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Several Good Reasons For Australian Regime Change!

Several Good Reasons For Regime Change!


Statement issued by the Australian Jewish Democratic Society for the Australian Federal elections.

Traditionally, the AJDS does not tell its members and supporters for whom to vote. Ours is a broad shul and our members are attracted to vote for at least six different political parties in the coming elections. However, our membership is not spread over the entire political spectrum. Our members' concerns over issues like refugees, the Iraq war, Indigenous Australians and social justice have a lot in common. These causes reflect our motto A progressive voice among Jews, A Jewish voice among progressives. Ours is a progressive organisation, and as such we have a major stake in the elections - we do have an opinion on whether or not we wish to see the re-election of the current government. So while we do not advise anyone whom to vote for, we are partisan in terms of whom we advocate you should vote against.

On every issue of those enumerated above, we have taken a stance diametrically opposed to that of the Howard government. For that reason alone we would like to see a regime change in Canberra.

Every Jewish person is familiar with the state of being a refugee; whether one, two or several generations ago is irrelevant. We cannot acquiesce when our government places children behind bars. Nor can we accept a situation in which a person who has not committed a crime, but who cannot return to his country of origin, has commenced his seventh year behind bars. What would have happened to the passengers of the St Louis if they had arrived in Australia in 2004?

The main cause for there being refugees in the world today is the dislocation caused by war. The Howard government has led us into a war based on lies. The AJDS argued before the invasion that the case that the Saddam Hussein regime possessed weapons of mass destruction had not been made. We thought and stated that this was simply untrue, and furthermore that a war on Iraq would expand, not decrease, the danger of terrorism in the world. We now know that we were right. If we were able to work it out, John Howard, should have known the truth. The electoral defeat of yet another leader of the "Coalition of the Willing", who ignored domestic public opinion, would have a lasting deterring impact on future leaders who might be inclined to go to war.

The plight of Indigenous Australians continues to remind us of a shameful aspect of our society. Quite apart from the rollback of native title under this government, the most important issue has been the Stolen Generation. Again it was only two generations ago, during the Second World War, that thousands of Jewish children had their ethnic, cultural and religious identity forcibly erased while they were raised by foster parents in Europe. The Jewish people raised its voice as one against this. The Stolen Generation is no different. It is time for our own government to apologise.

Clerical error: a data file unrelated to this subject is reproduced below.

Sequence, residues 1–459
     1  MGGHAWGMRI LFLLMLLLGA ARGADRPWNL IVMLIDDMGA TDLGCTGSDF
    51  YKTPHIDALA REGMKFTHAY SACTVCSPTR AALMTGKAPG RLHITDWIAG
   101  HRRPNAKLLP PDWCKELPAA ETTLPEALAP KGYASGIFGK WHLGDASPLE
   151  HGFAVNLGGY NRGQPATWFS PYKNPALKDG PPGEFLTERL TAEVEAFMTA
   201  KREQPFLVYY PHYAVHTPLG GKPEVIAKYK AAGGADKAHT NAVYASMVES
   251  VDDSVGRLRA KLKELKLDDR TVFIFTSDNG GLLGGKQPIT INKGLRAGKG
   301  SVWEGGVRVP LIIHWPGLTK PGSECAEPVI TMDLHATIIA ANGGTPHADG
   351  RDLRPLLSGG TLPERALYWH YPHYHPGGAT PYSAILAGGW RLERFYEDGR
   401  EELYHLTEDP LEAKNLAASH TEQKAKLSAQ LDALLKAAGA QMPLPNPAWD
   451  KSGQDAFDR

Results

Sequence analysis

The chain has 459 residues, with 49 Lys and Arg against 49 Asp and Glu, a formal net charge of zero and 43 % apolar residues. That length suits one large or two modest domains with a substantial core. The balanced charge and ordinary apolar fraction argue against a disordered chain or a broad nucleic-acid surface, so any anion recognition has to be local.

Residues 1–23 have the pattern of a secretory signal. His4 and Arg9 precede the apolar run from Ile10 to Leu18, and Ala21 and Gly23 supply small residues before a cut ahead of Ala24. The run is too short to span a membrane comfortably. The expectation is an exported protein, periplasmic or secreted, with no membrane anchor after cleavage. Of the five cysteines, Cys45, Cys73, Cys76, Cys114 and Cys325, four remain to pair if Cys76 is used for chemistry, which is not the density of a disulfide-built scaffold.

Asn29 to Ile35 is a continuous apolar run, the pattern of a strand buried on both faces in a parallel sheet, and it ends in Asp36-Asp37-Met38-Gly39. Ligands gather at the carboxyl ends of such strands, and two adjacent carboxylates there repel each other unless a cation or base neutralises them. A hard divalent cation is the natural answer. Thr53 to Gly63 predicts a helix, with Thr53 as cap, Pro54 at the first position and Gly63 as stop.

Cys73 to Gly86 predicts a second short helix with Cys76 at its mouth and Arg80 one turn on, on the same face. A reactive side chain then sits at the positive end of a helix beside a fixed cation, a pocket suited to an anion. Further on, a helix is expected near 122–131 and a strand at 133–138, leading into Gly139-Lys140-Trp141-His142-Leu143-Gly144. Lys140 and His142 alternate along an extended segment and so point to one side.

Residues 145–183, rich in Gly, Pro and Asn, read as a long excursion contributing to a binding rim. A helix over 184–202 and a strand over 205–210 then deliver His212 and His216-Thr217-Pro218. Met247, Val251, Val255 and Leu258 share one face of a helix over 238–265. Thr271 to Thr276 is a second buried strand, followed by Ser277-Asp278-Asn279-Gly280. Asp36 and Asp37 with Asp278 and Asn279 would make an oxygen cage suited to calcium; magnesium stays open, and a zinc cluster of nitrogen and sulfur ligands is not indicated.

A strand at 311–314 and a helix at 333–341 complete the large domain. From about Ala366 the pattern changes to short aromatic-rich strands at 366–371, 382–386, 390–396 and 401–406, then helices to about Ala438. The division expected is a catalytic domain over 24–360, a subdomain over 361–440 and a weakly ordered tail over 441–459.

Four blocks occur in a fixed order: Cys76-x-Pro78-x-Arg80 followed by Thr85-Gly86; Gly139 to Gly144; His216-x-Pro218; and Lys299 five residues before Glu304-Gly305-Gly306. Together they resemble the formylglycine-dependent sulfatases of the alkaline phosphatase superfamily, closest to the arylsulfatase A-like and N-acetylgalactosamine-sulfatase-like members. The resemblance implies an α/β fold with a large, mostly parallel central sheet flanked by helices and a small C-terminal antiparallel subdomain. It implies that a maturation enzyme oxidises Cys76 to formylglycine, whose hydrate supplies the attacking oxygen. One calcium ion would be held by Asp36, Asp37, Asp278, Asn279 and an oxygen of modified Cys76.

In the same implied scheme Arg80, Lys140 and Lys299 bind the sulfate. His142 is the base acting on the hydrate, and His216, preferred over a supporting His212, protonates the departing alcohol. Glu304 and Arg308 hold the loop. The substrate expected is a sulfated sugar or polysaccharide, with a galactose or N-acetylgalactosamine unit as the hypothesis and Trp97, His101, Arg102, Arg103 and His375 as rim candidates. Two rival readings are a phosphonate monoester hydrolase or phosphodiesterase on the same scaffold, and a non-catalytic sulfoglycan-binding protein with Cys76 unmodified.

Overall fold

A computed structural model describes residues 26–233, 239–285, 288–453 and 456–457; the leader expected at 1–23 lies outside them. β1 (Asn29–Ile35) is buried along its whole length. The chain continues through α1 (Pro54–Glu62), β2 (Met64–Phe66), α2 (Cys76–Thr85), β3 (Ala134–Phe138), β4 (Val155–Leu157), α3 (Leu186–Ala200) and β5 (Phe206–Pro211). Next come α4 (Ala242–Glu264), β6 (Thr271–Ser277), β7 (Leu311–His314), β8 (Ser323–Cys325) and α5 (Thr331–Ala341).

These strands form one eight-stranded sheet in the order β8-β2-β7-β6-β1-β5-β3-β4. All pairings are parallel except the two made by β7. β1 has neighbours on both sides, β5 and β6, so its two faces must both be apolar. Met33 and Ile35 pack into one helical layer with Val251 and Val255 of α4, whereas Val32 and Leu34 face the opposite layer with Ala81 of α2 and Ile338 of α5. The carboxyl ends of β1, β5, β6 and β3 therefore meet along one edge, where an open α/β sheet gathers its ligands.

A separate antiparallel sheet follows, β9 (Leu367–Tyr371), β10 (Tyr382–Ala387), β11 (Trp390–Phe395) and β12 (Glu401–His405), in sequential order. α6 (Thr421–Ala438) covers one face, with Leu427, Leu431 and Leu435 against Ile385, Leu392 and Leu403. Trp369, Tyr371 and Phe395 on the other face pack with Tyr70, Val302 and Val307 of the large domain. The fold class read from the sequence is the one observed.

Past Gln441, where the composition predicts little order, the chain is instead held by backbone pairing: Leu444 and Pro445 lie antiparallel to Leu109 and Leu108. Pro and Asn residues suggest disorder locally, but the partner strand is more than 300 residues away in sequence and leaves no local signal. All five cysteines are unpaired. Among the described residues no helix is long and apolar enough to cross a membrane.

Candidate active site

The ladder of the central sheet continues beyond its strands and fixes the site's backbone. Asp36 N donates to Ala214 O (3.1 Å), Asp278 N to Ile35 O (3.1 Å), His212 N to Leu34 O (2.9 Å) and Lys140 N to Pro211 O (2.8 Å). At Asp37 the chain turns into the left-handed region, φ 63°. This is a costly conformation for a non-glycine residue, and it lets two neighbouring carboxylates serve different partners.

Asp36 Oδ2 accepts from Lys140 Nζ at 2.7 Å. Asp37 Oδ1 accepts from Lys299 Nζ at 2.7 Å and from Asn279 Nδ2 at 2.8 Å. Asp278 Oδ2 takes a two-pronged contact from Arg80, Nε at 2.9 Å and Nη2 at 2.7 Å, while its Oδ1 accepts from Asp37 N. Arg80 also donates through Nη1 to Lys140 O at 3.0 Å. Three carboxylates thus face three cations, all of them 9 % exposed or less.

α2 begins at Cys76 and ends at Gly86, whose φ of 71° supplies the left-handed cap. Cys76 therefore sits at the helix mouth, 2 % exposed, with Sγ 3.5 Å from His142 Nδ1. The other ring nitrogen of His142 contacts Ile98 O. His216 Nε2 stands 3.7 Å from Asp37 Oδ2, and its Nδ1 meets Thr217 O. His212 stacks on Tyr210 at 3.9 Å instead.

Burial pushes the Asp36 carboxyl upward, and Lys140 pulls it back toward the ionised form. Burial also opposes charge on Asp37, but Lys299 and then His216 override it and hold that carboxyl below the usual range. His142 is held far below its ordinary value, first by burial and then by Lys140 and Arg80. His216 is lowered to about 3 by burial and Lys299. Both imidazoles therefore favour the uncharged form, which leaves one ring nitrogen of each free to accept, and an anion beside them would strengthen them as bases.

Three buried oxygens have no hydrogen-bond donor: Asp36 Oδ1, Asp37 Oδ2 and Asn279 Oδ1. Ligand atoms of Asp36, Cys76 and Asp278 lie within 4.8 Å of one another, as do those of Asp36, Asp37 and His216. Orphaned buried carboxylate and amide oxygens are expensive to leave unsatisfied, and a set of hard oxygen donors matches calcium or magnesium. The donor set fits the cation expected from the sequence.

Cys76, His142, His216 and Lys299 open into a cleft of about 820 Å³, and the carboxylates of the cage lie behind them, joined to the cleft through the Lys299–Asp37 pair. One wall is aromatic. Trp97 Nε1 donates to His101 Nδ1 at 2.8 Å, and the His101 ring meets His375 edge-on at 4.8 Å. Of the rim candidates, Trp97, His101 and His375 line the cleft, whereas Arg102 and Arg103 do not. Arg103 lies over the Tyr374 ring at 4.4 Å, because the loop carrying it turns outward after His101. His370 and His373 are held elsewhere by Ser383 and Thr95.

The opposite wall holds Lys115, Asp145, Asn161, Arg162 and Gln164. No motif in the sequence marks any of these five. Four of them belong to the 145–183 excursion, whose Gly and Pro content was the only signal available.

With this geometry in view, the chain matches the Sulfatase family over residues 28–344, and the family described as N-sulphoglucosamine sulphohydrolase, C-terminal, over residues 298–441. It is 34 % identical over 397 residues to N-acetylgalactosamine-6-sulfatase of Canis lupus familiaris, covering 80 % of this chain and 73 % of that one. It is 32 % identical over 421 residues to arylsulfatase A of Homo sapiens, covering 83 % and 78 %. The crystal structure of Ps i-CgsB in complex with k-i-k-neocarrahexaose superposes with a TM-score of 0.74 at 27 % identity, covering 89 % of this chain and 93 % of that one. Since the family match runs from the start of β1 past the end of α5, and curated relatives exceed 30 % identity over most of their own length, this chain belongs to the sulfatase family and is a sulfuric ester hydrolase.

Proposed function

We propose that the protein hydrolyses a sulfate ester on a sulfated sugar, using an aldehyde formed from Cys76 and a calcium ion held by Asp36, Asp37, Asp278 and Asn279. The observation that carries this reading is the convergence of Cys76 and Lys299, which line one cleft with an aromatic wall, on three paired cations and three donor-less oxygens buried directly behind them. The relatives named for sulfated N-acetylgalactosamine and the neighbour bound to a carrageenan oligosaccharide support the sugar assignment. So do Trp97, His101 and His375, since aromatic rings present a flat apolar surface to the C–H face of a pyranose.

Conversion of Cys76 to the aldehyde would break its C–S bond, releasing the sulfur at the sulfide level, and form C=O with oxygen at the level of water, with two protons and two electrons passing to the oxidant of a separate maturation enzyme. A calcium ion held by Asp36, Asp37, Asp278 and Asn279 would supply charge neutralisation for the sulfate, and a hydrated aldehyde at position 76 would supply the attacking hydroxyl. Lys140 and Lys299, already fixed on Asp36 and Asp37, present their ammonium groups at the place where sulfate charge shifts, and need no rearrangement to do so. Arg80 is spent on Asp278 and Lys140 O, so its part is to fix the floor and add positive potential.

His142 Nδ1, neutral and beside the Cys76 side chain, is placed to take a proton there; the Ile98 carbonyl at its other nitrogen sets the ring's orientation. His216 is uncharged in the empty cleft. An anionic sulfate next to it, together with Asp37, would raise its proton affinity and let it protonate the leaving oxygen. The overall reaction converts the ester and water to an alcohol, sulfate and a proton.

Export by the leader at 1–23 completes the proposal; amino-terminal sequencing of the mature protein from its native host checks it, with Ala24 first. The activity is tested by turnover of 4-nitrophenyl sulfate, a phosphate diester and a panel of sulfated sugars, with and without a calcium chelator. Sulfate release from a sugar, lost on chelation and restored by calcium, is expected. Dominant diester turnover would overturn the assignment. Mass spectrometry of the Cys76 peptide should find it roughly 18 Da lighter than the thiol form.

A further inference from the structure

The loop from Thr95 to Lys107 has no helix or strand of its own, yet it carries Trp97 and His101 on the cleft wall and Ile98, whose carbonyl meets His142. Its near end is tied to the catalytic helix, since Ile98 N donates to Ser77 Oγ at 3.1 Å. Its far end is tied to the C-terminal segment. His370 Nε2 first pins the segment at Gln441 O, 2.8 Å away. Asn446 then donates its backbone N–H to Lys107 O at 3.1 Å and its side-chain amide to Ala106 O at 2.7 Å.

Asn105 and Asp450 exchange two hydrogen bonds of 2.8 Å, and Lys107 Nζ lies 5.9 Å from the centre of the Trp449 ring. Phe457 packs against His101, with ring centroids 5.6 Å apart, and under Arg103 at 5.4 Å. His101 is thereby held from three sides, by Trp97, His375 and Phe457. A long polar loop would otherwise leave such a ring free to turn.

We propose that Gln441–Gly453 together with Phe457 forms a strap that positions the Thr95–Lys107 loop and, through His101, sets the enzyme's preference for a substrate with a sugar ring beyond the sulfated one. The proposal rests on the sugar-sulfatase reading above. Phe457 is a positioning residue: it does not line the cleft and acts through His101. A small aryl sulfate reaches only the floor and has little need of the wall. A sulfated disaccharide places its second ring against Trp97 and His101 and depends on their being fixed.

Our involvement in social justice issues is rooted in our tradition. We have recently joined many others in denouncing the actions of James Hardie Industries, which tried to restructure its affairs by creating an artificial barrier between itself and its employees. While the government played no role in the James Hardie saga, the company was well aware of the precedent of the Patrick Corporation, which tried a similar manoeuvre earlier with the connivance of the Howard government.

There's Timor Leste (formerly East Timor) and the way in which the government, aware of intelligence reports of the Indonesian-sponsored militia plans, did not lift a finger to protect the East Timorese. It was only a massive outcry on talkback radio that forced John Howard's hand.

The list is long and we can keep on going. There's one issue, however, that we must mention, namely Israel. All our members want to see a peaceful Israel prospering within recognised borders. We do not doubt that John Howard sees himself as a good friend of Israel. But is falling behind the Bush Administration's uncritical support for the Sharon government really the best way to bring about a better future for Israel? Do we really want Australian recognition of the settlements prior to an agreement with the Palestinians? Is sending the SAS into western Iraq to hunt for non-existent Scuds the best proof of friendship? Would Israel's long-term interests not have been better served had the government thrown its weight behind the Geneva Accord, as did Bill Clinton, Malcolm Fraser, Bob Hawke and Bill Hayden?

Our members and supporters have ample choice in the coming elections. The choice of whom to vote for is theirs. But in our opinion the current government represents the opposite of what we stand for - it does not deserve to be re-elected. It's time for a regime change!

ENDS

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